Of course, this being a team managed by Clough, the drama didn’t end there. O’Neill, Robertson, Burns and Larry Lloyd ignored team orders not to celebrate the win with their partners. Clough, despite having just won back-to-back European Cups, was outraged. Robertson says in his autobiography that Clough threatened to “knock your fucking head off”, while Clough wrote: “I was so incensed that I decided to confiscate their winners’ medals. Can you imagine the outcry that would have caused back home? I would have had the FA, the League, the players’ union, perhaps even the House of Commons gunning for me! After giving it a lot of thought, I opted for fining them a few quid apiece. The principle was the same. And they had to pay up.”
It was a typical Cloughian ending to the pinnacle of O’Neill’s playing career. It was also his last great moment in a Forest shirt. Within eight months O’Neill was gone.
I've always said that my happiest days in football were spent at Norwich," Martin O’Neill, 1995
When O’Neill handed in a transfer request in January 1981, the Times spared only 40 words to report it. “I do not believe in refusing transfer requests from unsettled players,” said Clough.
Norwich were in a relegation battle at the time and the manager Ken Brown had been given money to splash to avoid the drop. But it was some surprise when O’Neill chose to join them in February for their record transfer fee of £350,000 – he, surely, could do better than a team fighting relegation? Robertson, writing in his autobiography, was full of praise upon his departure: “As a wide right player he had become one of the best in his position in the country. Steve Coppell was starring for Manchester United and Jimmy Case was playing for Liverpool but Martin was certainly their equal in my eyes.”
So, why head to Norfolk? His Norwich teammates Mick McGuire, John Deehan and Greg Downs all agree on one reason: O’Neill, having won almost all there was to win, wanted the challenge of rescuing a struggling side. To be the hero who turned things round. Quite how confident he was, however, may be betrayed in the clause in his contract allowing him to leave if Norwich were relegated.
Another, perhaps more reasonable explanation, is that Norwich offered him the one thing he never had at Forest: a free role in central midfield. Brown compared him to his former West Ham teammate Trevor Brooking: crap in training, great on match day. He was happy for O’Neill to run things centrally – the position O’Neill had always craved.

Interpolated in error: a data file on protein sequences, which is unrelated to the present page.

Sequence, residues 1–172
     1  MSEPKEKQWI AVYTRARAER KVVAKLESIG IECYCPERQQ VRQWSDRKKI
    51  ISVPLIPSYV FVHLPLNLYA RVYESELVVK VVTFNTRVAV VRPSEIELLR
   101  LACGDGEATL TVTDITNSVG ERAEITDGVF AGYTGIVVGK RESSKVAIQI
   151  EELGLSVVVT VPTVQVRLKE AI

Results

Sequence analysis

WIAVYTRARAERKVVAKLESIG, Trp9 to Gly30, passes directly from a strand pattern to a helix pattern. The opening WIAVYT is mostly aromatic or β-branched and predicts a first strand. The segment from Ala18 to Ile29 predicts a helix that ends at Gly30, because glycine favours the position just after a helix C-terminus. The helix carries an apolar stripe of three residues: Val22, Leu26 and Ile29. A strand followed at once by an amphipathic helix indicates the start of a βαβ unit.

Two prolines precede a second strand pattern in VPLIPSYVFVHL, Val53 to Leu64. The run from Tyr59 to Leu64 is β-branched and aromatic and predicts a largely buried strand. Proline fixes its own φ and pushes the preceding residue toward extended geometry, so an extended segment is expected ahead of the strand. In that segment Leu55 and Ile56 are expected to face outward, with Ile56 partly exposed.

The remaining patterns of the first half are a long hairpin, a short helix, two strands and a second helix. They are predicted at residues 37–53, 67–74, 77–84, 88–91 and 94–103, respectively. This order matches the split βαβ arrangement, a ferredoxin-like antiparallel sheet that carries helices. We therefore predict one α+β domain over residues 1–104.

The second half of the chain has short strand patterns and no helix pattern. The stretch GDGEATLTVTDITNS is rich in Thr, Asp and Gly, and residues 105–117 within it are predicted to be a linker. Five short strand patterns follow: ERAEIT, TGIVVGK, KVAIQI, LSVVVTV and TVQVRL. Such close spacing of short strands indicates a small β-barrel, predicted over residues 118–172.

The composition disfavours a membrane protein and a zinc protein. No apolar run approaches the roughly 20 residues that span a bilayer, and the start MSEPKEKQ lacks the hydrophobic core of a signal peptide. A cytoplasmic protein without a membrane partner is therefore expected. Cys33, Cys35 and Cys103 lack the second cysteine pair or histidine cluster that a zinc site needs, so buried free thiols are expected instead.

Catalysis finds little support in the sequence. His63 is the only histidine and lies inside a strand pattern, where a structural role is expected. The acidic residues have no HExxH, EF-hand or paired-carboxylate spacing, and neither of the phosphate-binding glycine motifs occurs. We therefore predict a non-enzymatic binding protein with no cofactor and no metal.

He was also a big influence off the pitch. He settled in immediately – Deehan remembers him reading “the big papers, not the Mickey Mouse ones” – and his idea that all of the players had nights out as a team made him a favourite in the dressing room. O’Neill would also put on sessions for the younger players and get youth-teamers to join in a tennis ball game: if they could get it off him he’d let them have his car. These kids were unaware that O’Neill’s tennis-ball proficiency had started as child when he matched Puskás’s record – and O’Neill’s car was always safe.
On the pitch, O’Neill’s arrival – along with the defender Steve Walford from Arsenal and the former Forest goalkeeper Chris Woods from QPR – did improve Norwich’s form. But there was to be heartbreak on the last day: they lost 3-2 to Leicester as their relegation rivals Sunderland beat Liverpool. Norwich were relegated and O’Neill took advantage of his clause to join the former Norwich manager John Bond at Manchester City.
It wasn’t a wise move. He didn’t get on with Bond and played only 13 times for City. Unlike at Norwich, he wasn’t offered a free role and was competing against Gerry Gow, Tommy Hutchison, Paul Power, Asa Hartford and Bond’s son Kevin in midfield. City were suffering financial problems after signing O’Neill and Francis from Forest and were happy to recoup some of their losses and sell O’Neill back to Norwich six months after he’d left.
Back in central midfield and with the freedom of Carrow Road, O’Neill gave huge impetus to Norwich’s promotion push. His goal in a 1-0 win at Bolton sparked a run that saw them winning 10 of their last 12 matches to move from 13th into a promotion spot.
While Norwich celebrated their swift return to Division One, O’Neill had something else on his mind: the 1982 World Cup.
“There was more to Martin, a subtlety and a confidence and a composure that I don’t always think Brian Clough fully appreciated… He had his views and opinions, which he never hesitated to express.” Terry Neill, Martin O’Neill: The Biography
O’Neill may have bickered with his club managers but with Northern Ireland it was a different story: Neill, Dave Clements, Danny Blanchflower and Billy Bingham were all prepared to play O’Neill as an attacking midfielder which was when he was at his most content on a football pitch.
His international career wasn’t without controversy. In 1980, at a time of heavy fighting between the IRA and Loyalists, Bingham handed O’Neill the captaincy of Northern Ireland. He was the first Catholic to lead the country and both O’Neill and Bingham received hate mail and death threats for the decision. While O’Neill suspected it was a political choice, Bingham was adamant his decision was based purely on him being the best candidate. O’Neill was a European Cup winner, after all.
There was no divide between religions within the team and team spirit was excellent as they qualified for the 1982 World Cup in Spain. Even 4-0 defeats by both England and France in the build-up didn’t worry O’Neill, who told the press, “I’ve been playing international football long enough to realise the difference between doing well and not doing well depends on what happens on the night… I honestly feel that we have the spirit to do something special in Spain.”